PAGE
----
Getting Creative

Here are some unique gift wrapping ideas that are eco-friendly and save money:

The Personal Touch. Plain brown bags are great for wrapping a gift and, they're recyclable. Cut the bags open along the side and around the bottom with scissors, turn the printed side down and then decorate the paper as you choose.

If you have children, they'll enjoy getting involved in making the paper. They can splatter paint on the bag, add colorful drawings or use sponges as stamps. They can also cut shapes from construction paper, lay them on the paper, paint over them and pick them up. Stickers, pictures cut from magazines, decorative string, ribbons, shapes, leaves, flowers, glitter or sequins would look great on homemade wrapping paper.

Finally, you can take some brightly colored markers and write occasion-appropriate sayings on the paper. Adding little drawings to accompany the sentiments, along with some compliments to the recipient can make plain gift wrapping into an artistic tribute to the recipient.

Creative Containers. Looking around the house can yield other ways of wrapping a gift. You can either place the gift into a container and then wrap it or decorate the container itself. Here are some common household containers that lend themselves to great gift-wrapping possibilities: coffee cans, paper towel tubes, plastic containers and metal cookie tins. Consider wrapping one of these containers with ribbon, or covering it with stickers or hand-drawn pictures.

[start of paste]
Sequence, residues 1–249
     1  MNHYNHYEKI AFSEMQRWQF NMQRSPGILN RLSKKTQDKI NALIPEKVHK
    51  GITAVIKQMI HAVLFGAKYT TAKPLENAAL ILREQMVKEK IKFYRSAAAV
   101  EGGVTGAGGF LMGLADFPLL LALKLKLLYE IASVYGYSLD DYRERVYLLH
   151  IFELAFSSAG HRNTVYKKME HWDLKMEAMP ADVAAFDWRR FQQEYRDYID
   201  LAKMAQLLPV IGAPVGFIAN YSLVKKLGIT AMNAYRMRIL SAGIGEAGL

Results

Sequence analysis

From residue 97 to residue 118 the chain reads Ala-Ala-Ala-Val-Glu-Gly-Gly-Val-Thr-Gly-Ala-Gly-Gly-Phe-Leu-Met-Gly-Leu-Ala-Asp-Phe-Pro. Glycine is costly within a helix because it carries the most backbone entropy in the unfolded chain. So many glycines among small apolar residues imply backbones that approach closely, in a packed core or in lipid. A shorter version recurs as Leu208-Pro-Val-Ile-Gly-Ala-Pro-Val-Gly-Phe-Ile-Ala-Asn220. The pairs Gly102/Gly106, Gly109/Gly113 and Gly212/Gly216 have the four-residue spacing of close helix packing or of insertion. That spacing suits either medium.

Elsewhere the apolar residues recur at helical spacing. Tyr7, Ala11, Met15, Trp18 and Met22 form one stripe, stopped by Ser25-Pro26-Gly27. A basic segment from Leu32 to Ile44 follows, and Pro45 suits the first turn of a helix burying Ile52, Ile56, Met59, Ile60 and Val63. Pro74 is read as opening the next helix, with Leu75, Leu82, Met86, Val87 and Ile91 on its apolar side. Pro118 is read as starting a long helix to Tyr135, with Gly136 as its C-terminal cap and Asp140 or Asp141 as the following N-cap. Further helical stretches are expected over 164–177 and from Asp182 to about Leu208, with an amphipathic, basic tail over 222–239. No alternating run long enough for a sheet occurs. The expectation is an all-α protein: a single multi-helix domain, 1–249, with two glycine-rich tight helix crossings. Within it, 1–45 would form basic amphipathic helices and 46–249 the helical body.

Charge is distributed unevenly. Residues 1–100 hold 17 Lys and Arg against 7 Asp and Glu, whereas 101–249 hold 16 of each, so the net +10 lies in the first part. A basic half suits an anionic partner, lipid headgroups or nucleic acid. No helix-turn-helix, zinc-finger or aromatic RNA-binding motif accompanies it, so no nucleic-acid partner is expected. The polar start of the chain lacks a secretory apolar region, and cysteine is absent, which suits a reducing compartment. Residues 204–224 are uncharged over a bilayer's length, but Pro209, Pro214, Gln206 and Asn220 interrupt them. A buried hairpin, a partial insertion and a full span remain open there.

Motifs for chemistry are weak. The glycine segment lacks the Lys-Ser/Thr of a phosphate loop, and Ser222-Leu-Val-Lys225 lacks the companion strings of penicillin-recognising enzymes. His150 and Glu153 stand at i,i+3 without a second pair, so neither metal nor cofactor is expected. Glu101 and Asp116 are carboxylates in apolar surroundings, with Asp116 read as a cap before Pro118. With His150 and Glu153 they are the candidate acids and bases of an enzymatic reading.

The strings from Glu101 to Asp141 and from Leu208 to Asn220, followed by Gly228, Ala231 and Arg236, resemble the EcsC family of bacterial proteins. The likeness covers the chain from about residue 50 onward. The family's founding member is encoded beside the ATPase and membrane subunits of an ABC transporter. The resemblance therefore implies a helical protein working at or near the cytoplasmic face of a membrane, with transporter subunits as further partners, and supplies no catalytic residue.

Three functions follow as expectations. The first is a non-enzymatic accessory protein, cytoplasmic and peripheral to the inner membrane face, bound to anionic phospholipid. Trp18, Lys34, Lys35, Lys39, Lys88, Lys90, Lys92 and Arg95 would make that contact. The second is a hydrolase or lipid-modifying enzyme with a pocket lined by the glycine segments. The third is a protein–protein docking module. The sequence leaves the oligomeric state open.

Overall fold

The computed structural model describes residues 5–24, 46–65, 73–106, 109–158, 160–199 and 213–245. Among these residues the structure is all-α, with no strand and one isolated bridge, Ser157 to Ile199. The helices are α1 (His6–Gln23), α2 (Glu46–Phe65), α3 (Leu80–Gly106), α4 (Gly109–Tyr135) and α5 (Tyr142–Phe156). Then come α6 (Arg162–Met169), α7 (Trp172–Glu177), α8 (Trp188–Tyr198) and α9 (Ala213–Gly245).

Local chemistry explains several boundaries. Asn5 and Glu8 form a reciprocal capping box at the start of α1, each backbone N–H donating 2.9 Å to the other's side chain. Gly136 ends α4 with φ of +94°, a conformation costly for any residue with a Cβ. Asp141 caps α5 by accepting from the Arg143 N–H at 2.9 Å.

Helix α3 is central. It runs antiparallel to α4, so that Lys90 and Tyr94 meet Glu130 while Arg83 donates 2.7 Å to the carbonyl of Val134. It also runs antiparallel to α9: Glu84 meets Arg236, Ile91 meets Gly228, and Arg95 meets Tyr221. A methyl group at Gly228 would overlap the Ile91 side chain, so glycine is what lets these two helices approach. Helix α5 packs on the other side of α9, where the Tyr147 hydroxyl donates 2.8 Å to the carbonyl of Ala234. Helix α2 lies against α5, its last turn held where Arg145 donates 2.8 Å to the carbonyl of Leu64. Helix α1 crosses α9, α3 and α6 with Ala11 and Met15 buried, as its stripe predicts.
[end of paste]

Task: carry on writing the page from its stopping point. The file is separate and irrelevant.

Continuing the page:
The Wrapping Is a Gift. Consider wrapping a gift in something that can be a gift in itself, such as a new beach towel, pillowcases or sheets. A child would love a gift wrapped in a new t-shirt that is tied with ribbons along the bottom and neck.

Creative gift wrapping can make gift giving even more fun for the recipient and the giver. Add eco-friendly, artistic and personal flair to your gift wrap ideas, and you may find that the recipient remembers the gift wrapping longer than he or she remembers what gift came inside it.

Related Life123 Articles

Have you ever made your own handmade gift wrapping paper or handmade gift bags? Let's face it, there's always something going on that requires some type of gift-giving, and we all enjoy giving.

These gift wrapping ideas merge classic tips with new innovations, such as texture and going green. If you want your gifts to be special and creative, don't conform to the old standbys. Instead, start thinking outside the box.

Frequently Asked Questions on
More Related Life123 Articles

For a nostalgic feel of yesteryear, use 8-Track tape ribbon to decorate gifts-especially gifts to be given to the middle-aged crowd. Baby Boomers grew up listening to 8-Track tapes and will not only appreciate the walk down memory lane but also the smart and innovative idea on what to do with the broken 8-Tracks they have filling their own garages and basements.

Instead of using those store-bought gift tags, why not make heirloom gift tags for your lovely gifts this year? These tags are inexpensive and easy to make, but turn out to look really nice.

© 2015 Life123, Inc. All rights reserved. An IAC Company